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The Resource Center Child Identity Theft & Protection | article

How to Effectively Set a Child’s Passwords to Help Avoid Identity Theft

This September, school children across the U.S. will be headed back to classrooms. However, in some areas, students will be benefiting from new educational programs. For example, more and more younger students are being given new technology such as tablets and e-readers to help them learn more effectively. Similarly, many older children will be receiving access to these products for the first time.

Due to this new technology, parents may want to use the opportunity to speak to their children about the way they use their information online. To give a child the tools to protect their finances from threats such as child identity theft, moms should teach their children to use passwords effectively. When this information falls into the hands of thieves, a child could face long-term damage to their credit reports and scores.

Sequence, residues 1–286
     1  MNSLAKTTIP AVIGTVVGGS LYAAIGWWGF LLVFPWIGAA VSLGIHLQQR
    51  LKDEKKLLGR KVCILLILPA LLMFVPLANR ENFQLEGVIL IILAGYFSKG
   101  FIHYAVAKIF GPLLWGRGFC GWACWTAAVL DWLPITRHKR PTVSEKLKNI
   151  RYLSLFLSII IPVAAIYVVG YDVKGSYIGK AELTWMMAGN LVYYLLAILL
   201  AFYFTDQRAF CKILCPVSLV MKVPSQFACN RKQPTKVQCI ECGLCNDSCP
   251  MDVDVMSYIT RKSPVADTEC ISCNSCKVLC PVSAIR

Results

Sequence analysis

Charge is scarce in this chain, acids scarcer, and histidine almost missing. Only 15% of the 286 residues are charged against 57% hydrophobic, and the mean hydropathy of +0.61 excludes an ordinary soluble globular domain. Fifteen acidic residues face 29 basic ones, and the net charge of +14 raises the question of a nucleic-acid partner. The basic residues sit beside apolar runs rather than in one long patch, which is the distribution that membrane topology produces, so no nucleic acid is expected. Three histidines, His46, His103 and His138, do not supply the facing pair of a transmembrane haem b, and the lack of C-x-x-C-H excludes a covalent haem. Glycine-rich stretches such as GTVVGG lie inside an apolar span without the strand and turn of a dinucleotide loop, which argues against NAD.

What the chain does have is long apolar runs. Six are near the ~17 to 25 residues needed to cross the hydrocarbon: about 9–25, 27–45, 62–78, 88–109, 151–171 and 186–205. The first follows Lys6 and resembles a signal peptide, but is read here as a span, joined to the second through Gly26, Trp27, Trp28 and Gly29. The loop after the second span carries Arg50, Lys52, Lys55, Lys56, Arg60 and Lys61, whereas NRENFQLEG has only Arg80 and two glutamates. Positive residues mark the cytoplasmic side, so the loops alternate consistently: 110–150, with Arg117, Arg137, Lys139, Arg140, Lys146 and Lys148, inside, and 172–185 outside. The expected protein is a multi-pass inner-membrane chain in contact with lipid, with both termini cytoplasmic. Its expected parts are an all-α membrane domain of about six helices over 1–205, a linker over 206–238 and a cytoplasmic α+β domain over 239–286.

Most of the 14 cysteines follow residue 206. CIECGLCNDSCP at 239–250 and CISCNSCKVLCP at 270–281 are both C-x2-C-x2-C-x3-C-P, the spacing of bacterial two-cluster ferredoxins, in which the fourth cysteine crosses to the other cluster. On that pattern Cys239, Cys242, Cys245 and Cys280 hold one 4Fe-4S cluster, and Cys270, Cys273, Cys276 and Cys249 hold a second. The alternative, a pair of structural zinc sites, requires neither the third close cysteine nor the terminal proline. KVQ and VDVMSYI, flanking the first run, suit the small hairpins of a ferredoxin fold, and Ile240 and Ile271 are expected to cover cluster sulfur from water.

Basic Website Passwords
These days, nearly every website asks visitors to create a unique account with a password. To ensure fraud protection while allowing the child to gain the development tools the Web can offer, identity theft experts recommend that parents help children develop a password strategy.

Since the nature of these websites doesn't mandate that users are 100 percent honest with their information, experts advise parents to instruct their children to use fake names and addresses, and a simple password. This isn't appropriate for official websites, such as the U.S. Postal Service, but it can be a helpful tool to ensure that a hacked retail website doesn't lead to financial damage for minors.

Retail Website Passwords
When moms decide their child is ready to start purchasing items on the Web, parents should encourage their children to develop a separate password. Since users need to input debit or credit card information — either the child's or the parent's — to complete a purchase, moms want to ensure this data is protected during the transaction.

For the most protection, parents may want to create a secured list of passwords for each important website, such as the child's banking provider and online merchant account website. Additionally, parents may want to supervise their child during the transaction.

Password Don'ts
While the passwords should be easy to remember and include numbers and characters, there are certain phrases or number combinations parents may want to ensure their child doesn't use. This includes personal information such as a birth date or last four digits of a Social Security number.